Jeevan has a passion for stock market investing and technology breakthroughs. In 2020, when he took delivery of his Tesla Model 3, he also invested $50K in TSLA, which has grown 800% since then – and become a large part of his portfolio. Jeevan can reduce his portfolio risk by contributing his TSLA shares to an exchange fund without throwing away years of growth in his shares.

How much should investors like these invest in an exchange fund?

When you contribute to an exchange fund, you don’t have to contribute all of your concentrated position. In fact, it’s quite common to use a variety of tools to diversify. It’s up to you (and any advisors you work with) to decide what your investment goals are and how to reach them. Consider an exchange fund to be one part of your overall strategy, and slot it in accordingly under the long-term investments column. We commonly see investors earmark 20-40% of their portfolios for the long term, but the amount can vary, depending on your financial circumstances.

How do you learn more?

If there’s one thing all the investors in the examples above have in common, it’s that they have a long investment horizon and a large holding in at least one stock. If that also describes you, then you might want to start looking at exchange fund providers or talking to advisors about your options.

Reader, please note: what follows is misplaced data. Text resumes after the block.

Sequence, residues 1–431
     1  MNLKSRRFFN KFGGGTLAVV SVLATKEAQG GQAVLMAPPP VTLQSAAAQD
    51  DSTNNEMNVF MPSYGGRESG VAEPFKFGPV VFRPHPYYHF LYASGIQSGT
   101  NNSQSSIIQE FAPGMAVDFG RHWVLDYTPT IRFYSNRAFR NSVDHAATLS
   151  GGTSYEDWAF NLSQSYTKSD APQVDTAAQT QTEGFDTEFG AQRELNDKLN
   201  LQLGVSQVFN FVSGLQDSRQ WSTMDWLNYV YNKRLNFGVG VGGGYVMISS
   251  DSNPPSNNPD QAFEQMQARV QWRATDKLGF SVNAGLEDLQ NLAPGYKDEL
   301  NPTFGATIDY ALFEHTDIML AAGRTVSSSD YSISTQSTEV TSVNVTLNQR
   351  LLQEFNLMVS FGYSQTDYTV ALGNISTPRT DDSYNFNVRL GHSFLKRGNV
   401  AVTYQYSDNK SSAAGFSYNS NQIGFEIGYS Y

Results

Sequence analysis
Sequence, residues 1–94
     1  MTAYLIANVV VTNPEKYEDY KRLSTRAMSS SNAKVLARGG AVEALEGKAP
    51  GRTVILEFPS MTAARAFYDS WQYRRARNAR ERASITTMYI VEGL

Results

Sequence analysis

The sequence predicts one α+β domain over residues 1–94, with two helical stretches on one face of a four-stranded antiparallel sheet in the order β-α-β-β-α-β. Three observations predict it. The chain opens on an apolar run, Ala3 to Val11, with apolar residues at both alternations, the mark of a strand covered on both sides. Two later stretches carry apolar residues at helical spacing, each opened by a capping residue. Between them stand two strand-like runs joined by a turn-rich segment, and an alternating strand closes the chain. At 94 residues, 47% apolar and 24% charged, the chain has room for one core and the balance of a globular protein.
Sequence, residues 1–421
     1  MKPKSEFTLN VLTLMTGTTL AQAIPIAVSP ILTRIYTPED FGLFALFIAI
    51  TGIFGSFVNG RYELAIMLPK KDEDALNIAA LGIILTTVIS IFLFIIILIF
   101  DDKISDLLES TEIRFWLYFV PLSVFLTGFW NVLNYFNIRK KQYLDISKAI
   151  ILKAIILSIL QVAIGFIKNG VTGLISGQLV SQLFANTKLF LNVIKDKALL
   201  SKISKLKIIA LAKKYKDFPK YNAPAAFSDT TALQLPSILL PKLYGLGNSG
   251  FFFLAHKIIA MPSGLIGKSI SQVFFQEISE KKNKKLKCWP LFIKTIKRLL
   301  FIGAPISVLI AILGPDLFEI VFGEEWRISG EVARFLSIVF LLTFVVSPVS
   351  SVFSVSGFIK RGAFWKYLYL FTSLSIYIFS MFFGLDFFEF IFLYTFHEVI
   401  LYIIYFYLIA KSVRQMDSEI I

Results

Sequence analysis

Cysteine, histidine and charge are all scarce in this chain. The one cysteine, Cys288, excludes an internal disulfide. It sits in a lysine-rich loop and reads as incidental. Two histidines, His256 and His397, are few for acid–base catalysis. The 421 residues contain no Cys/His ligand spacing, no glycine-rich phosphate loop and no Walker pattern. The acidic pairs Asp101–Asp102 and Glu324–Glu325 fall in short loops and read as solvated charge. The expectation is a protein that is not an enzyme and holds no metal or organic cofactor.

Now that you know how an exchange fund works, you should be in a good position to have a productive conversation. We would be more than happy to answer any of your questions – whether they’re about The Cache Exchange Fund or about exchange funds more generally. Feel free to set up a quick call with our team, or take a closer look at our modern exchange fund products.

<div class="blog_disclosures-text">Material presented in this article is gathered from sources that we believe to be reliable. We do not guarantee the accuracy of the information it contains. This article may not be a complete discussion of all material facts, and it is not intended to be the primary basis for your investment decisions. All content is for general informational purposes only and does not take into account your individual circumstances, your financial situation, or your specific needs, nor does it present a personalized recommendation to you. It is not intended to provide legal, accounting, tax or investment advice. Investing involves risk, including the loss of principal.</div>